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Re: Looking for threading advice
« Reply #13 on: March 10, 2018, 07:11:43 pm »
I fleshed out taazz's example some for those that might come after.  I tried to attach the project as a .zip when I posted this before but apparently it didn't post.  (Too big?)

If you feel like looking this over and offering any critiques, it will be appreciated. 

I've added a few calls to ProcessMessages in order to make the UI more responsive.  This still isn't the best.  Is there a better way to do this given this implementation of multithreading?  My eventual application "loop" will slave off a TTimer event so that may improve things some.

I'll keep this post open for a couple more days and then marked SOLVED.  Thanks everyone for the input.  It was very helpful.

Code: Pascal  [Select]
  1. unit Unit1;
  2.  
  3. {$mode objfpc}{$H+}
  4.  
  5. interface
  6.  
  7. uses
  8.   Classes, SysUtils, fgl, FileUtil, Forms, Controls, Graphics, Dialogs,
  9.   StdCtrls, Spin, MTProcs;
  10.  
  11. type
  12.  
  13.   { TInstrument }
  14.  
  15.   TInstrument = Class
  16.   private
  17.   public
  18.     procedure GetData(index : integer);
  19.   end;
  20.   TInstList = specialize TFPGObjectList<TInstrument>;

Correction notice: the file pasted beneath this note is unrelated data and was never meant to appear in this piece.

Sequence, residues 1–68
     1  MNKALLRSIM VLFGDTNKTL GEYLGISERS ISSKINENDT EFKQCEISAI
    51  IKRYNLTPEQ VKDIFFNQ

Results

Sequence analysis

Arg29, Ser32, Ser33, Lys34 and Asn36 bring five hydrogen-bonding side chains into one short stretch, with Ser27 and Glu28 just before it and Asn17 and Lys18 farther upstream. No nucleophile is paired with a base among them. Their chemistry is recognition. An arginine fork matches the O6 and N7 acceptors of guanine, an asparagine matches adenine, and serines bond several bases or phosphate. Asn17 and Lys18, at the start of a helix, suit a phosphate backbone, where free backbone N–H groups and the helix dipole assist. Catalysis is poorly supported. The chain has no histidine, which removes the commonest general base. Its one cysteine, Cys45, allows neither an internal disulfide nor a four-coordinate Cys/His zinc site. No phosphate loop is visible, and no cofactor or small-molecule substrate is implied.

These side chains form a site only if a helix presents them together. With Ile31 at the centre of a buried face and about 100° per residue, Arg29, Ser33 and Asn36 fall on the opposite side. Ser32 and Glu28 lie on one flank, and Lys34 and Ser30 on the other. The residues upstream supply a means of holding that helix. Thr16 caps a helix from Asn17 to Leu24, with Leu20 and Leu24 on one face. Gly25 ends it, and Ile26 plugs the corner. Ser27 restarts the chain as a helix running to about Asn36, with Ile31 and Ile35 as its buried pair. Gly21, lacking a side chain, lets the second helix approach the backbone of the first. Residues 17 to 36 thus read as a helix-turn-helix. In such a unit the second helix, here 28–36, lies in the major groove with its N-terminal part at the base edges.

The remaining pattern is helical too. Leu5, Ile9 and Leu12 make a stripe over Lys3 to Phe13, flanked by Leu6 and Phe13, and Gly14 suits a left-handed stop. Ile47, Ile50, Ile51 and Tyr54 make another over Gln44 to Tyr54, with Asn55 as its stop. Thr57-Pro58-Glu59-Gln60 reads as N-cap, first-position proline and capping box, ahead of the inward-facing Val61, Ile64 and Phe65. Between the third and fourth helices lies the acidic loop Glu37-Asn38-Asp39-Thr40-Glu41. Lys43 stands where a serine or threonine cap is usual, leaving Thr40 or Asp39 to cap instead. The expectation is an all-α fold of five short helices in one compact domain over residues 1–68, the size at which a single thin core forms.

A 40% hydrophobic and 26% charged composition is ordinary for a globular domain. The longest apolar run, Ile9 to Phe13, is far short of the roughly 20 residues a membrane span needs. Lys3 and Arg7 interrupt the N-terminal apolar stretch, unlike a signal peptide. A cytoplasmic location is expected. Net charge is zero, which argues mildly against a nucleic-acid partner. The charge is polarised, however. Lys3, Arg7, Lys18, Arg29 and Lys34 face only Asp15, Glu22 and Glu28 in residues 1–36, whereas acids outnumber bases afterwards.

21.  
  22.   { TForm1 }
  23.  
  24.   TForm1 = class(TForm)
  25.     ThreadsRunningLabel: TLabel;
  26.     NumberOfThreadsLabel: TLabel;
  27.     NumThreadsSpinEdit: TSpinEdit;
  28.     StartButton: TButton;
  29.     StopButton: TButton;
  30.     procedure StopButtonClick(Sender: TObject);
  31.     procedure StartButtonClick(Sender: TObject);
  32.     procedure DoData(Index:PtrInt; Data:Pointer; Item: TMultiThreadProcItem);
  33.   private
  34.     FInstrumentList :TInstList;
  35.     FInstrument : TInstrument;
  36.   public
  37.     procedure TestMtProcs;
  38.   end;
  39.  
  40. var
  41.   Form1 : TForm1;
  42.   bEnd  : boolean = false;
  43. implementation
  44.  
  45. {$R *.lfm}
  46.  
  47. procedure TForm1.DoData(Index:PtrInt; Data:Pointer; Item: TMultiThreadProcItem);
  48. var
  49.   BoxStyle : integer = 0;
  50.  
  51. begin
  52.  
  53.   TInstList(Data)[Index].GetData(Index);
  54.  
  55. end;
  56.  
  57. { TInstrument }
  58.  
  59. procedure TInstrument.GetData(index : integer);
  60. var
  61.   i : integer = 0;
  62.  
  63. begin
  64.  
  65.   for i := 0 to 10 do
  66.     Sleep(10);
  67.  
  68. end;
  69.  
  70. procedure TForm1.StartButtonClick(Sender: TObject);
  71. var
  72.   iNumThreads : integer = 0;
  73.   i           : integer = 0;
  74.   app         : TApplication;